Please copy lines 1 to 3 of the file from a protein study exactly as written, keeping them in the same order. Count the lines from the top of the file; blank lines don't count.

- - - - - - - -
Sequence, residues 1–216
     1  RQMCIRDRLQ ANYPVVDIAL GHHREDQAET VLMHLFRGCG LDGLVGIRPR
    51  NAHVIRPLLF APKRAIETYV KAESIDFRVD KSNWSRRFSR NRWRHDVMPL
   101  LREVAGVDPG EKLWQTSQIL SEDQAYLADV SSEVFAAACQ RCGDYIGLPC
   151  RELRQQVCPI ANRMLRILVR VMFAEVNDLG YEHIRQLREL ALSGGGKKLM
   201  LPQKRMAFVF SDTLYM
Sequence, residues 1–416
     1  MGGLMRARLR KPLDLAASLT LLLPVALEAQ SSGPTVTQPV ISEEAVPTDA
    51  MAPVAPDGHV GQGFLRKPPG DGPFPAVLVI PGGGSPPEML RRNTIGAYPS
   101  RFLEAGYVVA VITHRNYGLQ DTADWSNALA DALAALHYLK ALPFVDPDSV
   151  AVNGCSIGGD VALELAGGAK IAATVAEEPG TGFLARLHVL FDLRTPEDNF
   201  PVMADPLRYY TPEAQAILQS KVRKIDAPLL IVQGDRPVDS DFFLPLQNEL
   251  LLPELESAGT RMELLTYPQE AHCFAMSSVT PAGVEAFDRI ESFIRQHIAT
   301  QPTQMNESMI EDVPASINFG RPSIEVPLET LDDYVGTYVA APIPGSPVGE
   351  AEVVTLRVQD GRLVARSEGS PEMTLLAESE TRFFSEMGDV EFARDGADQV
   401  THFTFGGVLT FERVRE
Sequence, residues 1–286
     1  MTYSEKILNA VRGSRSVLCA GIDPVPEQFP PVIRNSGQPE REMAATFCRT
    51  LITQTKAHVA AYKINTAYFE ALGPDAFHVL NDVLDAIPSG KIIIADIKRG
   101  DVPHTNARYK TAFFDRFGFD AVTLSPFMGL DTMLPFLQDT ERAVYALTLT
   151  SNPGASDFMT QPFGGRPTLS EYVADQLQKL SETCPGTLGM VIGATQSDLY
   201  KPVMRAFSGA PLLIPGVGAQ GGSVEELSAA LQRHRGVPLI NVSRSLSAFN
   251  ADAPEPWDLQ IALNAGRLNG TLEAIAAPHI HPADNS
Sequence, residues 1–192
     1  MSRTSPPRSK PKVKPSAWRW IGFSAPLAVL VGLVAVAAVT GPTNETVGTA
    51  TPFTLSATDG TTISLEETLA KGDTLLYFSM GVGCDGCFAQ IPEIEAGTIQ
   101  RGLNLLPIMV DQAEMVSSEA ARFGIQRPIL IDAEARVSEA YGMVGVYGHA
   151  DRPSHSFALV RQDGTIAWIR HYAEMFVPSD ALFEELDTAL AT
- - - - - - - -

Sequence, residues 1–216
     1  RQMCIRDRLQ ANYPVVDIAL GHHREDQAET VLMHLFRGCG LDGLVGIRPR
    51  NAHVIRPLLF APKRAIETYV KAESIDFRVD KSNWSRRFSR NRWRHDVMPL